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Methodological issues with the assessment of voluntary activation using transcranial magnetic stimulation in the knee extensors

  • Jeanne DekerleEmail author
  • P. Ansdell
  • L. Schäfer
  • A. Greenhouse-Tucknott
  • J. Wrightson
Original Article

Abstract

Purpose

The assessment of voluntary activation of the knee extensors using transcranial magnetic stimulation (VATMS) is routinely performed to assess the supraspinal function. Yet methodological scrutiny of the technique is scarce. The aim of the present study was to examine face validity and reliability of VATMS and its two main determinants (superimposed twitch during a maximal voluntary contraction [SIT100%] and estimated resting twitch [ERT]).

Methods

SIT100%, ERT, and VATMS were measured on ten healthy males (age 24 ± 5 years) before and following intermittent isometric fatiguing exercise on two separate occasions.

Results

The findings indicated issues regarding the accuracy of ERT and suggested a three-point relationship should not be used to determine ERT. Reliabilities for VATMS, SIT100%, and ERT were acceptable pre- but much weaker post-exercise (especially for SIT100%). Despite statistically significant changes in main neuromuscular variables following the intermittent isometric fatiguing exercise (P < 0.05), when post-exercise reliability was considered, the exercise effect on VATMS was smaller than the smallest detectable change in 18 of the 20 individual tests performed, and for the whole sample for one of two visits. Finally, maximal voluntary contraction was reduced significantly following the neuromuscular assessment (NMA) pre-exercise but recovered during the NMA post-exercise.

Conclusion

This is the first study to demonstrate a lack of sensitivity of key neuromuscular measurements to exercise and to evidence both presence of neuromuscular fatigue following the NMA in itself, and recovery of the neuromuscular function during the NMA post-exercise. These results challenge the face validity of this routinely used protocol.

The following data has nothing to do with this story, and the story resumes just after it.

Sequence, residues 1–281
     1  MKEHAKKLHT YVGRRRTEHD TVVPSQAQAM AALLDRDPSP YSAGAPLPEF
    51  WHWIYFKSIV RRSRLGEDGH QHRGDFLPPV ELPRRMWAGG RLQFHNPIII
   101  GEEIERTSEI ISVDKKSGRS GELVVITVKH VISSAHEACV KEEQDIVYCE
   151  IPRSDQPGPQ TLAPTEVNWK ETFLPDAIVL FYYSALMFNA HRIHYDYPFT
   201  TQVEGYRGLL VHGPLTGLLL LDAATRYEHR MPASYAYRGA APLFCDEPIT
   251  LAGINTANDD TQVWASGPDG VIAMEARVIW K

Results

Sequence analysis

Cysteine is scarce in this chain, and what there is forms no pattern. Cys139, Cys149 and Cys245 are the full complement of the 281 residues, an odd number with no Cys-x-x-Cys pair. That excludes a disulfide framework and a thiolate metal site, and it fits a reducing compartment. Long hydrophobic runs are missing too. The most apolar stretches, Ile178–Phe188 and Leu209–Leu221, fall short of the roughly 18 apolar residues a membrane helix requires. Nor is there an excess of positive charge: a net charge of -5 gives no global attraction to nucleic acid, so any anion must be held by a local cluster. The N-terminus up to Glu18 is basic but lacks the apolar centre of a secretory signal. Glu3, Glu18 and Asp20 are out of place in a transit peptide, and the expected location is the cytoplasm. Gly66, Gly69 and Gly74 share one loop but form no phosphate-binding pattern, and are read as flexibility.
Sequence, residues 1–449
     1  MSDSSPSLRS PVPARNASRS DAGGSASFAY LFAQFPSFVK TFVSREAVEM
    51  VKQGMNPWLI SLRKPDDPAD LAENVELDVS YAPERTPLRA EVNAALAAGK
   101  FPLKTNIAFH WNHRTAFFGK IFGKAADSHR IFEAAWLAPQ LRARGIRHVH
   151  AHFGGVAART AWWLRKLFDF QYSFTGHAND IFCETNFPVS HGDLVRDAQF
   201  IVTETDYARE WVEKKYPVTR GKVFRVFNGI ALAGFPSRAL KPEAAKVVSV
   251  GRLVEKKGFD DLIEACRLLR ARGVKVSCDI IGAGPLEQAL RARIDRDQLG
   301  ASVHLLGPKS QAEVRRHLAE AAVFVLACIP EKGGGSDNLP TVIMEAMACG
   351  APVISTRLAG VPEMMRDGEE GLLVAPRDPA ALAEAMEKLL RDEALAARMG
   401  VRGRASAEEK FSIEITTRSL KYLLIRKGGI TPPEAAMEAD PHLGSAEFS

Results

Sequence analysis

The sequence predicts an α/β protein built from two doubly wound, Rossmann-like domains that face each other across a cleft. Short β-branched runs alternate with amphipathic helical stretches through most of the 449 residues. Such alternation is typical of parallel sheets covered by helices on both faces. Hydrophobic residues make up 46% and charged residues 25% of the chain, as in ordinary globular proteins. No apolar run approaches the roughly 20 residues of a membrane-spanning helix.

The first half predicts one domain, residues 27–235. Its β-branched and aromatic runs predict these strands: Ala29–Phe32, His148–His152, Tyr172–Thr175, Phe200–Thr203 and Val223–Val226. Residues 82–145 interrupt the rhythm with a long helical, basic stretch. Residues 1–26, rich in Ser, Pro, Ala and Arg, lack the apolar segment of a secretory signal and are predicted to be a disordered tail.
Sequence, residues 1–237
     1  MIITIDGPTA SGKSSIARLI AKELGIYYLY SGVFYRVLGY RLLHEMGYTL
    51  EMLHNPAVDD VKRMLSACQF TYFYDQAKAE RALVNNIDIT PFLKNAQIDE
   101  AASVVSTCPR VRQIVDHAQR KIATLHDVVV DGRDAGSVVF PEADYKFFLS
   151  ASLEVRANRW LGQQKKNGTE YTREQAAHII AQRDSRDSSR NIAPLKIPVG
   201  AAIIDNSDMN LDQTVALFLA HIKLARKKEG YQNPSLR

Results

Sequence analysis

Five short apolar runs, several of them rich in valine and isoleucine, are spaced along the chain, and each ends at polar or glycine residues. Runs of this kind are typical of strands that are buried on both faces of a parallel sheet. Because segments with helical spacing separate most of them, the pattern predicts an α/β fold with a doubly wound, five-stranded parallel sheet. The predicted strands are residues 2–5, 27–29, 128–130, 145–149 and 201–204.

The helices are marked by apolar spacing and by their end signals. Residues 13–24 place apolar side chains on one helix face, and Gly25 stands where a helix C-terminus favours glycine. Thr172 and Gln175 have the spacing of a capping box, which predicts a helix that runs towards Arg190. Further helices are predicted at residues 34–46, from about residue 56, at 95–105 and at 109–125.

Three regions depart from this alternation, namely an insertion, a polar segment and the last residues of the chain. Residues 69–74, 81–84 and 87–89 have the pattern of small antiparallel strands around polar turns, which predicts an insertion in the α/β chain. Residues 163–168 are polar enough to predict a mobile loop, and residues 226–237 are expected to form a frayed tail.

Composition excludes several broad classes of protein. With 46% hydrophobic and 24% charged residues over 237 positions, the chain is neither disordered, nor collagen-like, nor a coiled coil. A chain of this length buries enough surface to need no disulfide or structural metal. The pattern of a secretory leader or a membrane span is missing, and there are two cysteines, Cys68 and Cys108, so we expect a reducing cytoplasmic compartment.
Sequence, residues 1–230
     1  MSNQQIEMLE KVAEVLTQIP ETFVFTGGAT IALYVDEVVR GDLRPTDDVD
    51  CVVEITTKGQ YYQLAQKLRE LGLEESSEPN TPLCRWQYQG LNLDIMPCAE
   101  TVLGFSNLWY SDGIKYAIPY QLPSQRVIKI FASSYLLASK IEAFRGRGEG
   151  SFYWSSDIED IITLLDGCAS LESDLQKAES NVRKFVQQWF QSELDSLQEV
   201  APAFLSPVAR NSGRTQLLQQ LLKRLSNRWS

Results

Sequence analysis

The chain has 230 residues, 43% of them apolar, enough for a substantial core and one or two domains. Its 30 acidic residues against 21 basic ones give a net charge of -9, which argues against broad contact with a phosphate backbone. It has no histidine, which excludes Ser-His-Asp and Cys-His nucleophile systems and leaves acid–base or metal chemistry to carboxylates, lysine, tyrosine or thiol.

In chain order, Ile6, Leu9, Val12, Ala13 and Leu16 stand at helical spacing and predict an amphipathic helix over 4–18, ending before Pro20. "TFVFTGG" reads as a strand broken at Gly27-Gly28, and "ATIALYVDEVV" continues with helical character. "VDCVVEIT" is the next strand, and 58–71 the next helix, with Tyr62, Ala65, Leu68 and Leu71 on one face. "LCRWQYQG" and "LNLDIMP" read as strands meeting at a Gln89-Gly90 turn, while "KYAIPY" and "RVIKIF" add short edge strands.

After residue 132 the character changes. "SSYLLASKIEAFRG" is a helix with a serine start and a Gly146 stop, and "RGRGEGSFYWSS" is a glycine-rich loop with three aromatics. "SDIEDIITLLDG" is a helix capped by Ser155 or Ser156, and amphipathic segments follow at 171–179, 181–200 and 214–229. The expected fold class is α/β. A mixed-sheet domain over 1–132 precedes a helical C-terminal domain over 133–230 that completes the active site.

Keywords

Neuromuscular fatigue Central fatigue Exercise Isometric contraction Isokinetic dynanometer 

Abbreviations

ERT

Estimated resting twitch

ICC

Intraclass correlation

KE

Knee extensors

MEP

Motor evoked potential

MVC

Maximal voluntary contractions

NMA

Neuromuscular assessment

POT

Potentiated twitch force

SDC

Smallest detectable change

SIT

Superimposed twitch

SIT100%

Superimposed twitch during a maximal voluntary contraction

TMS

Transcranial magnetic stimulation

VA

Voluntary activation

VATMS

Voluntary activation using transcranial magnetic stimulation

VC

Voluntary contraction

Notes

Acknowledgements

The authors thank Dr. Rosie Twomey and Prof. Guillaume Millet for the valuable critical review of our manuscript.

Author contribution statement

All authors contributed to the conception and design of the study. PA, AGT, JW, LS collected the data. All authors were involved in the analysis and interpretation of the data. JD, AGT and PA wrote the manuscript. All authors reviewed and approved the final version of the manuscript.

Funding

No external funding was received for this work.

Compliance with ethical standards

Conflict of interest

The authors report no conflict of interest for this work.

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Copyright information

© Springer-Verlag GmbH Germany, part of Springer Nature 2019

Authors and Affiliations

  1. 1.Fatigue and Exercise Laboratory, Centre for Sport and Exercise Science and Medicine (SESAME)University of BrightonEastbourneUK
  2. 2.Department of Sport, Exercise and Rehabilitation, Faculty of Health and Life SciencesNorthumbria UniversityNorthumbriaUK
  3. 3.Human Performance Laboratory, Faculty of KinesiologyUniversity of CalgaryCalgaryCanada

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